California As I Saw It

If you find accounts of life in early California fascinating, as I do, then the Library of Congress has a treasure trove for you. California as I Saw It contains first-person narratives of life in early California, from 1849 to 1900.

This collection includes more than 180 accounts by men and women who came to California in its formative years. Some of the writers are well-known figures, like Jessie Benton Fremont, John Bidwell, and Richard Henry Dana, the author of Two Years Before the Mast. Many others are remembered only because they kept a diary or later wrote a memoir, like Luzena Stanley Wilson, and numerous male Forty-Niners.

You can find Luzena’s full account here, as well as some other people I have written about, such as Edward McIlhaney and H.H. Bancroft. Here is where you can read Sim Moak’s The Last of the Mill Creeks. Check out the list of collection items, or search by contributor. Every item can be read online or downloaded.



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The Further Adventures of Luzena Wilson


Luzena in later years, a shrewd woman by the looks of her

It’s been a while since I wrote about Luzena Stanley Wilson and her memoir about life in Gold Rush California, but I have been meaning to get back to it. Her recollections are full of striking detail about everyday life, just the kind of thing I want to know about.

So here is another excerpt from her memoir (not long after they arrived in Sacramento in 1849):

Half the inhabitants kept stores; a few barrels of flour, a sack or two of yams, a keg of molasses, a barrel of salt pork, another of corned beef (like redwood in texture) some gulls’ eggs from the Farallones, a sack of onions, a few picks and shovels, and a barrel of whisky, served for a stock in trade, while a board laid across the head of a barrel answered for a counter. On many counters were scales, for coin was rare, and all debts were paid in gold dust at sixteen dollars per ounce. In the absence of scales a pinch of dust was accepted as a dollar, and you may well imagine the size of the pinch very often varied from the real standard.

Just imagine corned beef “like redwood in texture.” It would take some chewing!

Nothing sold for less than a dollar; it was the smallest fractional currency. A dollar each for onions, a dollar each for eggs, beef a dollar a pound, whisky a dollar a drink, flour fifty dollars a barrel.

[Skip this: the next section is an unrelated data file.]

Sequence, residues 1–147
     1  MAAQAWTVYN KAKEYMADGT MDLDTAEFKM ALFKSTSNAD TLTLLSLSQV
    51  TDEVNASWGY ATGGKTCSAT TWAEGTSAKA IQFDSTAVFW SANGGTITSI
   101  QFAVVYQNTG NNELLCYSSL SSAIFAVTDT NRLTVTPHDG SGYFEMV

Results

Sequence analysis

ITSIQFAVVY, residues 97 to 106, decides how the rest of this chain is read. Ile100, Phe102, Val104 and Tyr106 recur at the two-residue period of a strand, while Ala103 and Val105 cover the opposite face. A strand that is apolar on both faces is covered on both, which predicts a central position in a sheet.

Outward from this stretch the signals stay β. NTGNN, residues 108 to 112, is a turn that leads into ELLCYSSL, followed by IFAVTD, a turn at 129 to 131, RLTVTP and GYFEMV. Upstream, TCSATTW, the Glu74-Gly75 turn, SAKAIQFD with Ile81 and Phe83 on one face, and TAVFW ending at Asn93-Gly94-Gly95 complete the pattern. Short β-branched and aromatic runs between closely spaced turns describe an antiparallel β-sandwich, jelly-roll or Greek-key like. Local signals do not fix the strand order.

Free-Vintage-Chicken-Graphics-GraphicsFairyThis was when eggs in the States sold for 2 cents each and flour for about 10 cents a pound, with 196 pounds to a barrel. Think how valuable a flock of hens would be.

One morning an official of the town stopped at my fire, and said in his pompous way, “Madame, I want a good substantial breakfast, cooked by a woman.” I asked him what he would have, and he gave his order, “Two onions, two eggs, a beefsteak and a cup of coffee.” He ate it, thanked me, and gave me five dollars. The sum seems large now for such a meal, but then it was not much above cost, and if I had asked ten dollars he would have paid it.

Luzena saw that this was the way to earn a living, and she and her husband soon sold their oxen and bought a hotel — a small wooden building where she cooked from morning till night.

More about Luzena and her hotel to come.

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A Wholesale and Damnable Outrage

Another tidbit from the Pioneer Collection at the California State Library — a letter from Butte County Sheriff J.Q. Wilbur to John Bidwell:

Hamilton, Butte Co. Cal.  July 4, 1851

Dear Major—

I should like to come up this morning with Fry but having some very troublesome business on hand I shall not be able to come for some days. My health is tolerable good only, and I have soon to take the field against a band of outlaws at Bidwells Bar, who have been committing a wholesale and damnable outrage upon one of my deputies, Mr. Dodge.


Random old-time gunfight illustration

What was it? A shootout in the street? A brawl in the barroom?

I wish I could tell you what that band of outlaws was up to at Bidwell’s Bar, but I can find no other information. Newspaper accounts can be scanty for 1851.

But Deputy E. K. Dodge would go on to be elected sheriff himself in September of 1851, just two months later.

Sheriff Wilbur goes on to inquire about a lame mule. Then he takes up the subject of local politics (“This ticket will not give satisfaction to the Democratic Party, for they certainly have put forward our very weakest men“).

He closes:

I hope to see you at Ophir today.  Your friend, J.Q. Wilbur

Ophir being the old name for Oroville.

What a tantalizing letter! If we only knew more about that band of outlaws and their “wholesale and damnable outrage.”

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A Penmanship Copybook

A nice example of a penmanship copybook  is in the Pioneer Collection at the California State Library. The Pioneer Collection consists mostly of letters and oddments that don’t fit into other collections, or don’t rate their own separate collection.

DSCF5474This is a copybook that was given to Miss Anne Lamont by J. P. Blakely, presumably a teacher of penmanship, in 1849. Miss Lamont (who later became Mrs. Robert Brownlee) brought the book with her to California.

You can see what a show-off piece of work this title page is. This calligrapher really knows how to wield a pen!

The idea of a copybook was to present samples of handwriting, in various styles, for the student to copy. So a page might be headed by a bit of poetry, a suitable sentiment, or a series of long words that would test the student’s ability to keep an even, steady hand. The rest of the page would be left blank for the student to practice in.